A Second Chance

The other night we went to school for sneak-a-peek night where the girls got to check out their classrooms and drop off their school supplies. We always find out who their teachers are before school ends in May, so the big event of the night for the girls is to find out with whom they will be sitting.

When we walked into my youngest daughter's classroom, she was dismayed to discover she was sitting next to a little boy that she remembered from first grade. In first grade, this little boy's behavior had been less than stellar, so my youngest was a bit apprehensive about sitting next to him again.

After shushing her disappointment in the classroom, the subject came up again when we got home. I reminded her that she didn't know how this little boy had behaved last year and that he may have changed a lot in a year. We talked about how important it was to give him a chance before labeling him based on his past behavior. She was skeptical, but she agreed. We prayed about it both before she went to bed and before she left for school yesterday.

When she came home after a half day of school, the first thing she had to say was, "You were right, mom, he has changed."

As our kids start a new school year, it's important to remind them to give other kids a chance. Whether it's a new kid in class or a child with a past reputation, we want our kids to go into the classroom with an attitude of acceptance.

Too often kids get pigeon-holed into a certain segment of childhood society early in their lives. It can be difficult to change the perceptions of other children and, sometimes, even adults. It's not fair, and it can hurt.

God always gives us a second chance. He's always ready to forgive us and renew a relationship with us. Jesus sought out people with whom the rest of society wouldn't give the time of day. He hung out with prostitutes, tax collectors, lepers and criminals. He saw past the reputation to the heart beneath. He never doubted that people could change.

Paul tells us in Ephesians 4:22-24 that anyone can be made new in Christ. We can shed the old self and put on the new. "You were taught, with regard to your former way of life, to put off your old self, which is being corrupted by its deceitful desires; to be made new in the attitude of your minds; and to put on the new self, created to be like God in true righteousness and holiness."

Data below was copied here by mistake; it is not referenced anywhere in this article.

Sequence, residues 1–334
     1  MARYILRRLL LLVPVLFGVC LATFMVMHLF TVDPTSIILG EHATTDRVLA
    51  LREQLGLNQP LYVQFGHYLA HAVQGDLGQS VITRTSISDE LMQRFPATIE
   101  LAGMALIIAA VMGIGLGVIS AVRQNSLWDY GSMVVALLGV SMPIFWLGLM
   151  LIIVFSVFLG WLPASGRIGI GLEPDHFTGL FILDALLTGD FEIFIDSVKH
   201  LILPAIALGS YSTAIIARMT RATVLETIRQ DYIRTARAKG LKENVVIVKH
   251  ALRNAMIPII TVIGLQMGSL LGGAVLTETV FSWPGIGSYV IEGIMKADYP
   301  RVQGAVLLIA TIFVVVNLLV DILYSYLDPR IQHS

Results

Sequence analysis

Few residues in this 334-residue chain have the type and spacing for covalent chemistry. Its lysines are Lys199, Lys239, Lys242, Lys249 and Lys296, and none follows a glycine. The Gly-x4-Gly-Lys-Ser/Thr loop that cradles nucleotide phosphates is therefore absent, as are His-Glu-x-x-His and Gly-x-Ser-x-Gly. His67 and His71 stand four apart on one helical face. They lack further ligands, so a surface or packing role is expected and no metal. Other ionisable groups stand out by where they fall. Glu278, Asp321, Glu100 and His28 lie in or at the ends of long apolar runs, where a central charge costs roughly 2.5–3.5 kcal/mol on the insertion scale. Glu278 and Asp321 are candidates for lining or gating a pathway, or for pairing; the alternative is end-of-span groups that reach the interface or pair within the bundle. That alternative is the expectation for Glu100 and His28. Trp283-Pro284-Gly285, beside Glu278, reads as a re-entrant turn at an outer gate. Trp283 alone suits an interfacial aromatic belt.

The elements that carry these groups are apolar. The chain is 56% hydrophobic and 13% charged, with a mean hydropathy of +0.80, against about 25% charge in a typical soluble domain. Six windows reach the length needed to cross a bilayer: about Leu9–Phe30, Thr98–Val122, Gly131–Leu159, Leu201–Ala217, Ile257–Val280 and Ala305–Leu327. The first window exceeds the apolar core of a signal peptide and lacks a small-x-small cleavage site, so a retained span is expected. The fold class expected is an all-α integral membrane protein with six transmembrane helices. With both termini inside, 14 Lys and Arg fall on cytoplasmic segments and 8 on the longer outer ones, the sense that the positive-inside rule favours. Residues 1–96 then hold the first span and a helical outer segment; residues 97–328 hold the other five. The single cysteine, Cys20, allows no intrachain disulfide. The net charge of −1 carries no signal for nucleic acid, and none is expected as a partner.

Help your kids carry an attitude of acceptance through the school doors this year.

  • Pray with your kids about any relationships that concern them. It may be a child they have had trouble with in the past or it may be a new child.
  • Read the story of Zacchaeus with your kids from Luke 19:1-9. Talk about how Jesus could have ignored Zacchaeus because of his reputation. Zacchaeus was a tax collector and a cheat. No one liked him, yet Jesus sought him out. He knew there was more to Zacchaeus than what was on the surface. Remind your kids that anyone can change, and it's important to give people a second chance.
  • Remind your child of a time when they changed for the better. All of us have failed in our attitude or actions. By reminding your child of how much they have changed over a period of time, you help them to see that others can change as well.
  • Encourage your child to include anyone who wants to play in their games on the playground. It's easy for kids to become exclusionary. Encouraging a policy of including everyone in their play opens up opportunities for other children to take part and become part of a group.

It's hard to persuade people to change their opinions. No matter how much a person has changed, those first impressions leave lasting impressions. Encourage your kids to give other children a second chance. Because God gives us one.